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4 Ways To Kick a Food Delivery Habit

Be mindful, like gauging your hunger and reviewing nutritional information

Person making a selection from a food delivery app on their phone.

Tell us if this sounds familiar: It’s dinnertime and you don’t feel like cooking. You open a food delivery app and start scrolling. Do you want burgers and fries? Or what about a turkey dinner with all the fixings? And you can’t forget about dessert (maybe a brownie sundae?) and a drink. Half an hour later you make your final selections and your food is on its way.


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Food delivery apps — a third-party service that connects people to local restaurants — can be convenient when you don’t have time to cook or if you’re craving a pizza from your neighborhood pizza joint.

And while you may partake in ordering from a food delivery app occasionally, if it becomes a frequent occurrence, you may have developed a food delivery app habit — one that can be expensive, as well as detrimental to your well-being.

“In many ways, food delivery apps are helpful and convenient. They’re great for people who are very busy because the food comes directly to you,” says psychologist Susan Albers, PsyD. “The downside is that it does make access to food very easy — you can access food 24/7. And for some people, this can be problematic. Food delivery apps don’t cause eating disorders or eating problems, but they can be a tool that facilitates the behavior.”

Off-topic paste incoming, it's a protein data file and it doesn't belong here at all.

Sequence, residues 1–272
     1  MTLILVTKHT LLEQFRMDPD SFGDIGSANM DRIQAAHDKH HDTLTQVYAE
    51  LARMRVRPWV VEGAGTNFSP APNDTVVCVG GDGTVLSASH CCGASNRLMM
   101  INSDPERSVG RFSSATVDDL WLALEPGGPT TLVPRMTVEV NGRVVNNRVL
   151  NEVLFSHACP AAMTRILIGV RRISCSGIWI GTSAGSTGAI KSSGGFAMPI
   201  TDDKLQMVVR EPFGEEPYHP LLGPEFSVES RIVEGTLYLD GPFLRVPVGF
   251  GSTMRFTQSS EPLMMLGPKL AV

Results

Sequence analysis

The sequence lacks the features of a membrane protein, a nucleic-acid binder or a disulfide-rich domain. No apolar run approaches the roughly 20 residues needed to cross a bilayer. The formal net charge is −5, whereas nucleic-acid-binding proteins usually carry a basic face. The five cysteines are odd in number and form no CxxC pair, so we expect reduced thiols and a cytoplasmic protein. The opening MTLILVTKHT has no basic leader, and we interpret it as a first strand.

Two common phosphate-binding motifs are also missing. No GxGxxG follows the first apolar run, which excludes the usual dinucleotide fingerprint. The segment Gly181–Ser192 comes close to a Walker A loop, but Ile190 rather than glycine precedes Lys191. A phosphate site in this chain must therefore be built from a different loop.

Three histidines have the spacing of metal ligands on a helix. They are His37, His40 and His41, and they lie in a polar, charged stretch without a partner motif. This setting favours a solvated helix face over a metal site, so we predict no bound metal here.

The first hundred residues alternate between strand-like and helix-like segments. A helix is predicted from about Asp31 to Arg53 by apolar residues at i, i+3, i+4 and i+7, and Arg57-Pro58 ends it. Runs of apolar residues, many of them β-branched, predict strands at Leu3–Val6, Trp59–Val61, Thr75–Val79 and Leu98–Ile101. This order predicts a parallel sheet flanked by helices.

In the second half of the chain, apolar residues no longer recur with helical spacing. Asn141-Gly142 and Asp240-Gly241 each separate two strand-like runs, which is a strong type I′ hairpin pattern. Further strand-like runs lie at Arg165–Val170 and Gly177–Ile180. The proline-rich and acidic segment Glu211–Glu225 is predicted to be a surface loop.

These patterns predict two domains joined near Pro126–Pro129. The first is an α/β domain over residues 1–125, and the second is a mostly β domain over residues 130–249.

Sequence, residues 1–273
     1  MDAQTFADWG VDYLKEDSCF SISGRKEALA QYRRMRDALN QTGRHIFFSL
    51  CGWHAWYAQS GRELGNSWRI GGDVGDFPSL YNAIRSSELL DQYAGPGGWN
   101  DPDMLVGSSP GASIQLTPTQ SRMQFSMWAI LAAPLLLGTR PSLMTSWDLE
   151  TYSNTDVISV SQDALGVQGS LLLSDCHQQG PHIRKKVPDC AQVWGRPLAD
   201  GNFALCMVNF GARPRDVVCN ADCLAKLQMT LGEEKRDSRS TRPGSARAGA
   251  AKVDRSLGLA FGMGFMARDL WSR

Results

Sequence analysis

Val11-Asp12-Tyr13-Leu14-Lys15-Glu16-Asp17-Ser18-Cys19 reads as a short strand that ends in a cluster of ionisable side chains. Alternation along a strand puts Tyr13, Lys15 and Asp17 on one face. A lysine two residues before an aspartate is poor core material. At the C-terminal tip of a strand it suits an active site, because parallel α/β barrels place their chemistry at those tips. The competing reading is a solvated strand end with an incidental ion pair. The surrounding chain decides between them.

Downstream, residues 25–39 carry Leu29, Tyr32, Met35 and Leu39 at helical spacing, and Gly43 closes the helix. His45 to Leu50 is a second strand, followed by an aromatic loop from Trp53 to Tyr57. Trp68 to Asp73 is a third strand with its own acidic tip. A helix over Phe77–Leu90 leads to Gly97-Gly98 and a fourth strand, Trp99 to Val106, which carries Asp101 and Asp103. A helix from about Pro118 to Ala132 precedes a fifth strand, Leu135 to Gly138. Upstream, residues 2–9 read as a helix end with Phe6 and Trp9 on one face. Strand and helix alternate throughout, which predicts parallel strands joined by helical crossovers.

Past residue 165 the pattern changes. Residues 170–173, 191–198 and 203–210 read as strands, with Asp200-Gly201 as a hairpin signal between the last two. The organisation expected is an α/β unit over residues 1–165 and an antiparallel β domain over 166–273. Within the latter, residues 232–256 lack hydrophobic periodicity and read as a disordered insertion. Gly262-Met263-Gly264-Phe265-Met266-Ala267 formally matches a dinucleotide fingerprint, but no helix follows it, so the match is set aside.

Dr. Albers explains the warning signs to look for and what you can do instead to use food delivery apps in a healthy way.

How can food delivery apps affect how we eat?

By using a food delivery app, you have access to different restaurants with countless choices. And having the food delivered right to your door is appealing. It’s a private transaction that makes it easy to eat in secret.

“Using a food delivery app may be overwhelming for people who emotionally eat, binge eat or struggle with overeating,” notes Dr. Albers.

And as many apps have a minimum dollar amount you must spend, you may be forced into ordering more than you want.

Warning signs you may use food delivery apps too much